Tuesday , February 7 2023

Cyclists splurge on high-end bikes


Truong Quang Thuan never imagined that one day his garage would house more than 30 bicycles worth a total of tens of thousands of dollars.

“I bought my first high-end bike for VND10 million ($425.08) ten years ago,” said the 53-year-old cyclist in Binh Dinh Province. “At the time, I only dared to tell people around me I spent VND2 million because I was afraid people might think I was bragging and showing off.

Thuan used to play football, badminton and a variety of other sports before switching to cycling. Growing up in Binh Duong’s Phu My Ward ten years ago, there wasn’t much cycling culture around, so the opportunities for enthusiasts like Thuan to connect with each other were few and far between.

In 2012, he visited a friend who collected bicycles in the central coast town of Quy Nhon. The friend encouraged Thuan to pursue the hobby and purchase a road bike from the Taiwanese bicycle manufacturer Giant for VND10 million.

Thuan didn’t know much about pro bikes when he first started out. When his bike broke down, he took it to Quy Nhon and paid a lot of money for a professional repair shop to fix it. He decided to buy a second bike after almost a year of cycling. This time he bought a VND90 million bike with a carbon frame made by Italian brand Bianchi.

After three years of growing more passionate about bicycles and deepening his knowledge, Thuan was able to equip himself with enough knowledge to repair and customize his own bikes however he wanted. When he bought a high-end bike from American brand Trek for VND312 million, he spent another VND8 million upgrading it and add new accessories.

“My bikes are expensive, so I don’t use them very often. I only go for a ride when meeting up with my guy friends,” said Thuan, who is now president of the Bora bicycle club with 50 members in Binh Dinh.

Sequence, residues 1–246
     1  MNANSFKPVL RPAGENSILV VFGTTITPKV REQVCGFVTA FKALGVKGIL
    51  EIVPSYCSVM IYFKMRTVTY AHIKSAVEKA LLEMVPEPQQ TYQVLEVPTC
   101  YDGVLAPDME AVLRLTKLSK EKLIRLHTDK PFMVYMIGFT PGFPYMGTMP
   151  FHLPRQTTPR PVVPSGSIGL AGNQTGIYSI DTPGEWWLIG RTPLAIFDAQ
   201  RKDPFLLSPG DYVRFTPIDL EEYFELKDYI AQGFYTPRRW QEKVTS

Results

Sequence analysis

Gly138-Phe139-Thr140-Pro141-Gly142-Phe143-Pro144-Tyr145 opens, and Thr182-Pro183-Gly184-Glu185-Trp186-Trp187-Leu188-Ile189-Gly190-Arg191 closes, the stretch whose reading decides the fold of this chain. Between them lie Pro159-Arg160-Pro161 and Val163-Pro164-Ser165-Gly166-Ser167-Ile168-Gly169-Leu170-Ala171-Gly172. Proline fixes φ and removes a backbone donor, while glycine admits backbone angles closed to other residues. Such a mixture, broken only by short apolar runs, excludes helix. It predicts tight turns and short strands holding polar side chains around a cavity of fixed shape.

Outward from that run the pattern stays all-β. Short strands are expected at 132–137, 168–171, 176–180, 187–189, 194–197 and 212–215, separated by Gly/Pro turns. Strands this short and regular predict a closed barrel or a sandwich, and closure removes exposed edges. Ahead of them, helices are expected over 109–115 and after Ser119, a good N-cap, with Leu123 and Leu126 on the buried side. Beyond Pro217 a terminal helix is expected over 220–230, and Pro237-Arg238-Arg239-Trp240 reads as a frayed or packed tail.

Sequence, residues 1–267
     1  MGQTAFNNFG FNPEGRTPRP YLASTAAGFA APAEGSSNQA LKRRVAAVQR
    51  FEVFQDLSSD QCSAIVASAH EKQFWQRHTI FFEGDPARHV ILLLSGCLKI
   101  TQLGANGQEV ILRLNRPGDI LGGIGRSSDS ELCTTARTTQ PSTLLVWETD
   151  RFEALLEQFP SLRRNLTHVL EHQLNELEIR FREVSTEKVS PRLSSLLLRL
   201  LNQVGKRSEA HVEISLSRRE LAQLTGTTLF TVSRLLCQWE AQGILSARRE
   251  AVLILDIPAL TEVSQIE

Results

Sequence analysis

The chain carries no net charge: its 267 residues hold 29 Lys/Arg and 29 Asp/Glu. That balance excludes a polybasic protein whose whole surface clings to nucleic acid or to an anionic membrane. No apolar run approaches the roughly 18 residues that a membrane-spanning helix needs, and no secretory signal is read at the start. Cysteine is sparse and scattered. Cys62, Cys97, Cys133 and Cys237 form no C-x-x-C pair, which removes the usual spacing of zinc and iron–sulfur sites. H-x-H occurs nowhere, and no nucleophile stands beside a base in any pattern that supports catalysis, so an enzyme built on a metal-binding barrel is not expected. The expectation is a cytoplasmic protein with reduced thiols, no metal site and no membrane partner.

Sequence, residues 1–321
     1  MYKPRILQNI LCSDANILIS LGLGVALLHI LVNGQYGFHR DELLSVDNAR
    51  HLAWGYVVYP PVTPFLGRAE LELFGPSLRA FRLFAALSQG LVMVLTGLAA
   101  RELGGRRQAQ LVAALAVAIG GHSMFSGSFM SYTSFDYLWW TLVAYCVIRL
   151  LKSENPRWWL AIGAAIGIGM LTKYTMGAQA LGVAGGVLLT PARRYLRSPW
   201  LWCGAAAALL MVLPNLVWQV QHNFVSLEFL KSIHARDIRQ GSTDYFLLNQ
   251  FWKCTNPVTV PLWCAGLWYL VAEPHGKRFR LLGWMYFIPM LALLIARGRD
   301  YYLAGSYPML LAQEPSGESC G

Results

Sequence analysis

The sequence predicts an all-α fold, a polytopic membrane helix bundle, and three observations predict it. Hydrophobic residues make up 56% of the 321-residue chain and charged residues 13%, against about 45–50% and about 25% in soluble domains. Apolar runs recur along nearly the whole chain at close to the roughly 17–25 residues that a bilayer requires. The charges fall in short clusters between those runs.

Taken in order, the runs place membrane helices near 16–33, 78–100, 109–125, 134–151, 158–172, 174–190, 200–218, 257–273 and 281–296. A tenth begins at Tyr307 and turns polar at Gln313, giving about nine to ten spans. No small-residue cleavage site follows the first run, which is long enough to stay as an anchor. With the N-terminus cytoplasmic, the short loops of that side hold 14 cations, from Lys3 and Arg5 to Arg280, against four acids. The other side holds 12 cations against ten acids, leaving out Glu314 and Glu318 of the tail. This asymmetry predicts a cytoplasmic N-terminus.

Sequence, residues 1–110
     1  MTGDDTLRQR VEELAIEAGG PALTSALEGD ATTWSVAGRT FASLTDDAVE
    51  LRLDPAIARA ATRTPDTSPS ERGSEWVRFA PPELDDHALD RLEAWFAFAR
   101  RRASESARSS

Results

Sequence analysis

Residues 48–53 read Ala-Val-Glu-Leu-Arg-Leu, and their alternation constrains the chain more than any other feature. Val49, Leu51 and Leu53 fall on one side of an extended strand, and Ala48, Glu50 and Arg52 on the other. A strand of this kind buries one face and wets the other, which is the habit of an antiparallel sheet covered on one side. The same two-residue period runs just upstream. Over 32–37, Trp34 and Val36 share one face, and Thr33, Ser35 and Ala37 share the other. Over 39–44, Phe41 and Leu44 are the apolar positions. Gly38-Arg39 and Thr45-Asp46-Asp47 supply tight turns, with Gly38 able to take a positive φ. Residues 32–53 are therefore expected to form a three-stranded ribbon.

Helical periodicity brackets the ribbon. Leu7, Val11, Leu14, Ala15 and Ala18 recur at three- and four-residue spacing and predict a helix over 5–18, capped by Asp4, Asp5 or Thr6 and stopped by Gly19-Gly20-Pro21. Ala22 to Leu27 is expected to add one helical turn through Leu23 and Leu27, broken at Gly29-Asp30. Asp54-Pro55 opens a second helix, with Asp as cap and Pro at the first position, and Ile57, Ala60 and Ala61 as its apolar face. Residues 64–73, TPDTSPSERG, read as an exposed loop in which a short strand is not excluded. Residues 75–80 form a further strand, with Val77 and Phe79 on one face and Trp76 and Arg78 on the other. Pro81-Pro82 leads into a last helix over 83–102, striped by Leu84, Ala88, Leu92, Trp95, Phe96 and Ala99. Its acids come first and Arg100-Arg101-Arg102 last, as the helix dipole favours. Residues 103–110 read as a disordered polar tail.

He said that many cyclists collect high-end bikes, but he doesn’t think they are real bike fans because they only buy and ride them for fun. He said they get bored quickly and quit after a while.

Truong Quang Thuan pedals a road bike made with carbon frame from Italian brand Bianchi that he bought in 2013. Photo courtesy of Thuan

Truong Quang Thuan rides the carbon frame bike he bought from Italian brand Bianchi in 2013. Photo courtesy of Thuan

Do Anh Khoa bought his first bike in 2021 after Covid social distancing measures were lifted. The 28-year-old man in HCMC took up cycling to improve his health.

Less than a year later, he had bought four bikes for a total of VND140 million.

He said that he used to have regular bicycles, but that they were dangerous to ride because they were too flimsy. One time, he fell and his bike broke in half. Fearing he may one day break in two as well, he then decided to save money to buy a high-end bike. He later spent VND92 million for a Canadian-made P-series bike from the brand Cervelo.

Khoa said that the price of a bike depends on brand names and materials used.

When it comes to brands, models used by famous Tour de France racing teams are the most expensive, he said. Carbon is the most popular material because it is light and durable. This makes it easy to speed up and saves a lot of energy peddling.

Cyclists can also “pimp” their bikes by upgrading wheels, disc wheels, handles and other parts. Some owners spend another VND40–80 million adjusting their already-expensive custom bikes.